THE ANNOUNCEMENT OF IMMIGRANTS MOVING TO THE REGION HAS CREATED A LOT OF REACTION FROM PALM BEACH COUNTY RESIDENTS. SOME OF WHOM SOUGHT POLITICAL ASYLUM. — The announcement of immigrants moving to the region has created a lot of reaction from Palm Beach County residents. Some of whom sought political asylum.
Within the 700 block of West Palm Beach’s Belevedere Road you’ll find a string of immigrant entrepreneurs and business owners like Adriana Molina, owner of Metro Insurance Services who sought political asylum from Cuba in 2016.
“My life was in danger and my son’s life was in danger,” said Molina. As the owner of a money transfer service, she says 90-percent of her customers are immigrants from Central and South America in need of her service. But she also says it won’t be easy for the county to add new immigrants to the list already seeking asylum.
”It’s a long process,” she said.
Molina says she’s still waiting for a hearing for asylum, three years later but she also warns immigrants that they’ll have to be prepared to work for the American dream.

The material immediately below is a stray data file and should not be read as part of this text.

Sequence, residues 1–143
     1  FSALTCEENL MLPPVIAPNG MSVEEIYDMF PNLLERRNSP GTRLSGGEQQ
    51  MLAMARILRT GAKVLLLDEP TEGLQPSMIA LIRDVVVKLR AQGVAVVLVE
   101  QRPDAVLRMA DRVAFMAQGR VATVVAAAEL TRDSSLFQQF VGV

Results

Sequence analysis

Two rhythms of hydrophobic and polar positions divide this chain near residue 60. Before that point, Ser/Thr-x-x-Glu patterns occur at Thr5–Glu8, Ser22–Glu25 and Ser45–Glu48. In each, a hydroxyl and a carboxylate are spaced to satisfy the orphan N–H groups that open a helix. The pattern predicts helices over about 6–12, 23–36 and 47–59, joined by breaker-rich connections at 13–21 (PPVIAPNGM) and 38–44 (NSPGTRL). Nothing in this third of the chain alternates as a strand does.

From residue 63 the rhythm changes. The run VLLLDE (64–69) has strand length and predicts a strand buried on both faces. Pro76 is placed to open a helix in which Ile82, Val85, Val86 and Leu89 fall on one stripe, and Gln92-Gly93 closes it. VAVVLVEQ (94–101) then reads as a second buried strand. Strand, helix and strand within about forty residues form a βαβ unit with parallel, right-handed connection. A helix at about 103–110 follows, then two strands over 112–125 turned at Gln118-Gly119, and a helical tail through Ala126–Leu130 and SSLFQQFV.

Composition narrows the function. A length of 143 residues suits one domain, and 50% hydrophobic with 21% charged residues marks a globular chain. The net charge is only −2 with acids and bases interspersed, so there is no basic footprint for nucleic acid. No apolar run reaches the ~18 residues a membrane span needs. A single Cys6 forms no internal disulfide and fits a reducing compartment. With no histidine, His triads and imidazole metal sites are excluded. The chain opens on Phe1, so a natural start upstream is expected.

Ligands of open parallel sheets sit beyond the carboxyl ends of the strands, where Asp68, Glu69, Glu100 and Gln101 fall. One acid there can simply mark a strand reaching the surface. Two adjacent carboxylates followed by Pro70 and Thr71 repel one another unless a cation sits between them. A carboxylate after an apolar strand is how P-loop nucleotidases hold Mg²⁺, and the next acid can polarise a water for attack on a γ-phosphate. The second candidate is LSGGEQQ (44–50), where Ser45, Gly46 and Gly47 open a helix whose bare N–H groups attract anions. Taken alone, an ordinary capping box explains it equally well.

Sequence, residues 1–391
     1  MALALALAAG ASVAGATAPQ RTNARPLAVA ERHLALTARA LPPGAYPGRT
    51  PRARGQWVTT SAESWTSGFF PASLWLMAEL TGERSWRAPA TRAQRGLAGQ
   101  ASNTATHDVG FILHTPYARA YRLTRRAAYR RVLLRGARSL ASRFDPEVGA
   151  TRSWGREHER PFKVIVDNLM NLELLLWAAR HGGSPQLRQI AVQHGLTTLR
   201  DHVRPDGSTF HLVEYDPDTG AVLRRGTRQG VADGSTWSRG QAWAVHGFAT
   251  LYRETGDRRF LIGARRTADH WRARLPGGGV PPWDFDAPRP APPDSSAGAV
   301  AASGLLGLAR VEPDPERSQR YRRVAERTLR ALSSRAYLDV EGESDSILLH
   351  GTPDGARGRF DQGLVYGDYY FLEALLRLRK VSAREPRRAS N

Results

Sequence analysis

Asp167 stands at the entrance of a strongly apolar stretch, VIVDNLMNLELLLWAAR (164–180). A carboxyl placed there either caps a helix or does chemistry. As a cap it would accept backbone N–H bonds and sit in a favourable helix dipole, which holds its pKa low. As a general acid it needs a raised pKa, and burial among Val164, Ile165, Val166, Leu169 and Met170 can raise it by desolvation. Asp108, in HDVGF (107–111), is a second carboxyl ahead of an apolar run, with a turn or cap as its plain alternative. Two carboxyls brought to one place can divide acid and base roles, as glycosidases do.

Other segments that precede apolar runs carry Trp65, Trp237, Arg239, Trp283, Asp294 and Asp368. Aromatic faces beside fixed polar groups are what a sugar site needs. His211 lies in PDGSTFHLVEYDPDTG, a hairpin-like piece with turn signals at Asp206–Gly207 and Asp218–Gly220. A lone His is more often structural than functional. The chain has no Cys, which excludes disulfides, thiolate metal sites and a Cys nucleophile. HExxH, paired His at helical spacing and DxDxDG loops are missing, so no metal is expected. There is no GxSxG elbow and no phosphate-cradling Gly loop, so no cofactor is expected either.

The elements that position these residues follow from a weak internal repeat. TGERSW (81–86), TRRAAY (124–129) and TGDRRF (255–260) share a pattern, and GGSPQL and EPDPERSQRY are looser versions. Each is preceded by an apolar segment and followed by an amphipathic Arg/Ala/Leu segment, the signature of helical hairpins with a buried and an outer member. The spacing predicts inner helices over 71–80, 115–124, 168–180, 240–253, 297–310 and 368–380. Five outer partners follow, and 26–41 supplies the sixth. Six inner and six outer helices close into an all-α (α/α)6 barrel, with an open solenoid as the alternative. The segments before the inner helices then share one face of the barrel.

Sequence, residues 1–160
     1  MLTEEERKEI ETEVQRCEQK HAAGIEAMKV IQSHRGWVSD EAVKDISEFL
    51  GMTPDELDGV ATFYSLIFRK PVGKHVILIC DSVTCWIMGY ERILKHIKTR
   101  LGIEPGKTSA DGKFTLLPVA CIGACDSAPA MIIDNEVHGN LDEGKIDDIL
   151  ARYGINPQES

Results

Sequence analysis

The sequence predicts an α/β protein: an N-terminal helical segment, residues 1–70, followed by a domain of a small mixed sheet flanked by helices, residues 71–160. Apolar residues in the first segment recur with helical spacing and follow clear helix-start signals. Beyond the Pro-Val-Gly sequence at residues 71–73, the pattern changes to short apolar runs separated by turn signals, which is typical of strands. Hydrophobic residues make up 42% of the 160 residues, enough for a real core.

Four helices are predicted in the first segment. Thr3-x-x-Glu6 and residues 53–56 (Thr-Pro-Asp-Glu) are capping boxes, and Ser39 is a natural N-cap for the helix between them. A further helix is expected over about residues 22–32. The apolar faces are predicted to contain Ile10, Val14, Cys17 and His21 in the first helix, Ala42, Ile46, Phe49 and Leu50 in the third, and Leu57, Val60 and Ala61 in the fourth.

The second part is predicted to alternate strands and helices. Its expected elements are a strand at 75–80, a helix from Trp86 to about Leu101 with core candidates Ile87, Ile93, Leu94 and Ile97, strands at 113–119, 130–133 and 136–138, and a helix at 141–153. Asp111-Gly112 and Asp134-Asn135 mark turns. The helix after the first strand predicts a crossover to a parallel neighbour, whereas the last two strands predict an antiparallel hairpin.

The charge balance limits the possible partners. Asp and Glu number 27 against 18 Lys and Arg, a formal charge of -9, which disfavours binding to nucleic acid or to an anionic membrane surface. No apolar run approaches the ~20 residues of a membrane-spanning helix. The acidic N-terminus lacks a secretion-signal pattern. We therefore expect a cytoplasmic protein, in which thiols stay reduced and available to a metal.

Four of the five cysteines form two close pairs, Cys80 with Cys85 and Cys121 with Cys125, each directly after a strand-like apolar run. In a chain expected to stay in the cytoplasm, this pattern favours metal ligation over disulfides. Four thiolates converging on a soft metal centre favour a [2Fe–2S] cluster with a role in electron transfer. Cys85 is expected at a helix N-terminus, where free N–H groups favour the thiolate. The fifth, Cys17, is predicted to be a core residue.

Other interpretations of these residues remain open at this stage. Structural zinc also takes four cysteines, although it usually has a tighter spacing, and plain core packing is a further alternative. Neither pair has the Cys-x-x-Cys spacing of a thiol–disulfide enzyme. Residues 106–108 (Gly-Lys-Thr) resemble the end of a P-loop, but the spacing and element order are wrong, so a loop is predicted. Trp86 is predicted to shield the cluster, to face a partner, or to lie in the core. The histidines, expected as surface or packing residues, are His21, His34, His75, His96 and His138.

“I do have to take care of my child. And I have to work,” she said. “I have to learn about this county and be like a human being in this county - help this county.”
We wanted to hear from other immigrants who are working towards the American dream in Palm Beach County but most didn’t want to go on camera. Ironically, immigration service sites we visited also didn’t want to comment.
Meanwhile Molina warns a long and difficult road lies ahead for new arrivals.